Work-related stressors are present in almost every profession, but many believe nurses caring for critically ill patients experience additional and unique stresses. Results of previous studies have demonstrated the potential benefits of various interventions to reduce stress among intensive care nurses. However, the practicality of nurses taking time out from a busy unit to meet their own needs remains in question.
To assess intensive care nurses’ perceptions of the usability of a lounge designed to support them in refreshing and renewing themselves after stressful clinical situations.
This study used a descriptive, cross-sectional design and survey methodology with a convenience sample of registered nurses from a medical intensive care unit.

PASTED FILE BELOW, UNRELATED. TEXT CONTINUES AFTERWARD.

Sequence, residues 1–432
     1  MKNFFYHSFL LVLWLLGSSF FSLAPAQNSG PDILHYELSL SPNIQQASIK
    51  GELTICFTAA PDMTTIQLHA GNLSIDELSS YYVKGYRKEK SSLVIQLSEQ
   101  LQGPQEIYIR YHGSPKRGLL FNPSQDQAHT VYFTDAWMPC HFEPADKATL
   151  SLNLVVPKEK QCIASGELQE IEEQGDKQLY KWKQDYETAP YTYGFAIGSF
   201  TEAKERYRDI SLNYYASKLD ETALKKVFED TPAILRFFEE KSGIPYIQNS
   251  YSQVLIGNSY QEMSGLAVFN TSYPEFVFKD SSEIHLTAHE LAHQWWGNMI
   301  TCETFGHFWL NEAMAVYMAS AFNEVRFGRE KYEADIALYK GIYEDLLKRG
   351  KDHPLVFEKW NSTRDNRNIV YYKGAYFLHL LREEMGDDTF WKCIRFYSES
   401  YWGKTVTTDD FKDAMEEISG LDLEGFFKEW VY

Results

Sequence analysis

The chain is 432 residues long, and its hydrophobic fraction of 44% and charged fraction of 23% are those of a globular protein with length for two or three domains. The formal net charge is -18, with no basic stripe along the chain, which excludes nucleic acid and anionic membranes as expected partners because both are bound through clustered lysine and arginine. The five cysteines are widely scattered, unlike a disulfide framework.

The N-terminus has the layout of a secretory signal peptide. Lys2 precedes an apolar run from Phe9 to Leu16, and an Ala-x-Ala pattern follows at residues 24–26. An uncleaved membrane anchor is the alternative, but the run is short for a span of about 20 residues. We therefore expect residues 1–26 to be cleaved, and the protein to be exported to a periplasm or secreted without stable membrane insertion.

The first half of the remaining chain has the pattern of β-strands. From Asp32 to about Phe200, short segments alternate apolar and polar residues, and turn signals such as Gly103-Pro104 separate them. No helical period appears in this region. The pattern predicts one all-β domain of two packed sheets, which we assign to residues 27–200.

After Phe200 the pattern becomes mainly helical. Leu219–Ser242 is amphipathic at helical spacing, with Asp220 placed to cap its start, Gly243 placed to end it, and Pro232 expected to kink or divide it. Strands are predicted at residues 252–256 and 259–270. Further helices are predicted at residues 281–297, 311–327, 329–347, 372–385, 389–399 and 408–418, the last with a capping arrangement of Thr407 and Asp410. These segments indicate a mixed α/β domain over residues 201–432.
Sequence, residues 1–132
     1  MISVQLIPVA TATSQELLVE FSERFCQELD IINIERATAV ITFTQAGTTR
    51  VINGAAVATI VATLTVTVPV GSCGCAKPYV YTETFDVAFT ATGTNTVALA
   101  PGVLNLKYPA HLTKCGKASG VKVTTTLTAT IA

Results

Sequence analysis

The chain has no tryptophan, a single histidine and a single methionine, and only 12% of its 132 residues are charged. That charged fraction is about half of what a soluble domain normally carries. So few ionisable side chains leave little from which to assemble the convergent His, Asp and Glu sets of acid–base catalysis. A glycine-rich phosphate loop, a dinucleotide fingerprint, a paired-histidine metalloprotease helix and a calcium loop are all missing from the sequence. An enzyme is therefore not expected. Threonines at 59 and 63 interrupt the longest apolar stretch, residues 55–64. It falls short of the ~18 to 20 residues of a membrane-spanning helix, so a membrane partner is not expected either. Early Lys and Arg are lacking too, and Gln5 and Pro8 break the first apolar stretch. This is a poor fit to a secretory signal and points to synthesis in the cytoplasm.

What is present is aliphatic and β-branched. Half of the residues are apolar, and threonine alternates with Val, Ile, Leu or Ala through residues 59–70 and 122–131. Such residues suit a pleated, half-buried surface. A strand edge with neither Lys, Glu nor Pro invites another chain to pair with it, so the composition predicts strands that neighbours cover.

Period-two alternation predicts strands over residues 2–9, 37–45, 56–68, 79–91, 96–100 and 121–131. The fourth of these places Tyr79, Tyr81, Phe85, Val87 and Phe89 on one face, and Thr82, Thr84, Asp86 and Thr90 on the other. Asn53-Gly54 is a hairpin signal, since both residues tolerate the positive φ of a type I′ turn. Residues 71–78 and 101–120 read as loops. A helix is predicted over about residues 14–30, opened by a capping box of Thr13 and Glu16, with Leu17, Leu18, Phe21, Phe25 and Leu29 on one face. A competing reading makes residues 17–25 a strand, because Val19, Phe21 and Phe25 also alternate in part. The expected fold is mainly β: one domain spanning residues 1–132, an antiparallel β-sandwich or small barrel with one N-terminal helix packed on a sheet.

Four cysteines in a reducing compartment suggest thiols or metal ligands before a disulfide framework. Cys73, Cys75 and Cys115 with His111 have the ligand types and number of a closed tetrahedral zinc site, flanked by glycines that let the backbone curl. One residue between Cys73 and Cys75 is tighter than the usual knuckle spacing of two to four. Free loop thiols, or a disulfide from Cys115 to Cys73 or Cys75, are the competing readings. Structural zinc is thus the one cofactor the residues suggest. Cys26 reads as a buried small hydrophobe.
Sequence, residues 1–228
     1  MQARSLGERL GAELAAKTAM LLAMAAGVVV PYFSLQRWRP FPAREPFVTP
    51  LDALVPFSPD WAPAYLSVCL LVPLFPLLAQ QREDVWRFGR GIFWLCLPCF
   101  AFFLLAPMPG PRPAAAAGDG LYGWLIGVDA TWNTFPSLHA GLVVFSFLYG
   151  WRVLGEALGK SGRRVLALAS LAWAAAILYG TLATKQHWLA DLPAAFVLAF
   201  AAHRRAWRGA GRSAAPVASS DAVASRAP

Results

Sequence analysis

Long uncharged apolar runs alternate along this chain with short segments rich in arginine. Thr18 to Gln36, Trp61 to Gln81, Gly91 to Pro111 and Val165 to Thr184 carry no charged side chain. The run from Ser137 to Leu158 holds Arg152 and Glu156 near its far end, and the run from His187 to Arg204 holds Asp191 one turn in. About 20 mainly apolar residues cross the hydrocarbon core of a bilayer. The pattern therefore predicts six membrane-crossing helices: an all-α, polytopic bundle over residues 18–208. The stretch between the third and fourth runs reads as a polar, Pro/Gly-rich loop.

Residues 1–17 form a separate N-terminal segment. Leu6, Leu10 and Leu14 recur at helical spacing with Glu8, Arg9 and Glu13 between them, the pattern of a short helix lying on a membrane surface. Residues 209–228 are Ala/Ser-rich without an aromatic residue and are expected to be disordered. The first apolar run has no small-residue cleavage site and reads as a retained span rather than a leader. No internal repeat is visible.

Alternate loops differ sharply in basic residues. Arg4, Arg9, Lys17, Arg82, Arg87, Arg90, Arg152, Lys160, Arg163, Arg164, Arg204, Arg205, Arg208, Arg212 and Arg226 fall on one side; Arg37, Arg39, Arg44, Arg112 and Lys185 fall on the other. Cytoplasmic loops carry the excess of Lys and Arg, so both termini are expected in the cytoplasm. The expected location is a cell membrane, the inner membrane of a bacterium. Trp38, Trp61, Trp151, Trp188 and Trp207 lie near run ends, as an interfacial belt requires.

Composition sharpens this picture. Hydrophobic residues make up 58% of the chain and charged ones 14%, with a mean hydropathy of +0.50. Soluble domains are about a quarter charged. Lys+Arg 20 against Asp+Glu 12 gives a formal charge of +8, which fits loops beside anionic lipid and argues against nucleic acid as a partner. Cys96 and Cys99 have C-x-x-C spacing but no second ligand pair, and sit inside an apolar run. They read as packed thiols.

Of 250 registered nurses eligible for participation, 54 (21.6%) completed surveys, and of those, 31 (57%) reported having used the lounge within the past month. Nurses reported having coverage provided by colleagues, visiting during their lunch break, and having low unit acuity were facilitators of lounge use. Barriers included high unit acuity, high unit census, and high patient care demands with no one available to cover patient assignments.
The variables that lead to stress and burnout among medical intensive care unit nurses also prevent nurses from using a “relaxation room.” A more effective approach may be organizational change that supports reduction of workload through increased staffing, prearranged breaks during shifts, and increased recovery time between shifts by limiting work to no more than 40 hours per week.